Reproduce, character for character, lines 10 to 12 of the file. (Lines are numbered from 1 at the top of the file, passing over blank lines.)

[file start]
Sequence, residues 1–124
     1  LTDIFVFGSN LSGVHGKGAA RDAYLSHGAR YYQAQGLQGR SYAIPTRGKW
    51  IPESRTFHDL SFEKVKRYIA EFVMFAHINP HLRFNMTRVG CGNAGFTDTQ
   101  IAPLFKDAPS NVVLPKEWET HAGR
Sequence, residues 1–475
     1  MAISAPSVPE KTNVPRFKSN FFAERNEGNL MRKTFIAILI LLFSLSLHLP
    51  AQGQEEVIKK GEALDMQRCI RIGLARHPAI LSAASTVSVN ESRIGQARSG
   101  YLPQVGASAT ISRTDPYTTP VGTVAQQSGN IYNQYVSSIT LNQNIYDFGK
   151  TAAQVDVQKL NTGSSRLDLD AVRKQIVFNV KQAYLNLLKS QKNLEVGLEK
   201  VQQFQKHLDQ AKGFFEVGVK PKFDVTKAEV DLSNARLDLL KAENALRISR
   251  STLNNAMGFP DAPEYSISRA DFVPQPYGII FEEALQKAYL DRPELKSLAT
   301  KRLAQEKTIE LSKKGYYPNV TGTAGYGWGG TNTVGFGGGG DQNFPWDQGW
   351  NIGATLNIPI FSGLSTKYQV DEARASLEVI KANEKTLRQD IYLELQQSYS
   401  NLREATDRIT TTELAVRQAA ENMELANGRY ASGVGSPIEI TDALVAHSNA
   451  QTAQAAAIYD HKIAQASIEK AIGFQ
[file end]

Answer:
   201  VQQFQKHLDQ AKGFFEVGVK PKFDVTKAEV DLSNARLDLL KAENALRISR
   251  STLNNAMGFP DAPEYSISRA DFVPQPYGII FEEALQKAYL DRPELKSLAT
   301  KRLAQEKTIE LSKKGYYPNV TGTAGYGWGG TNTVGFGGGG DQNFPWDQGW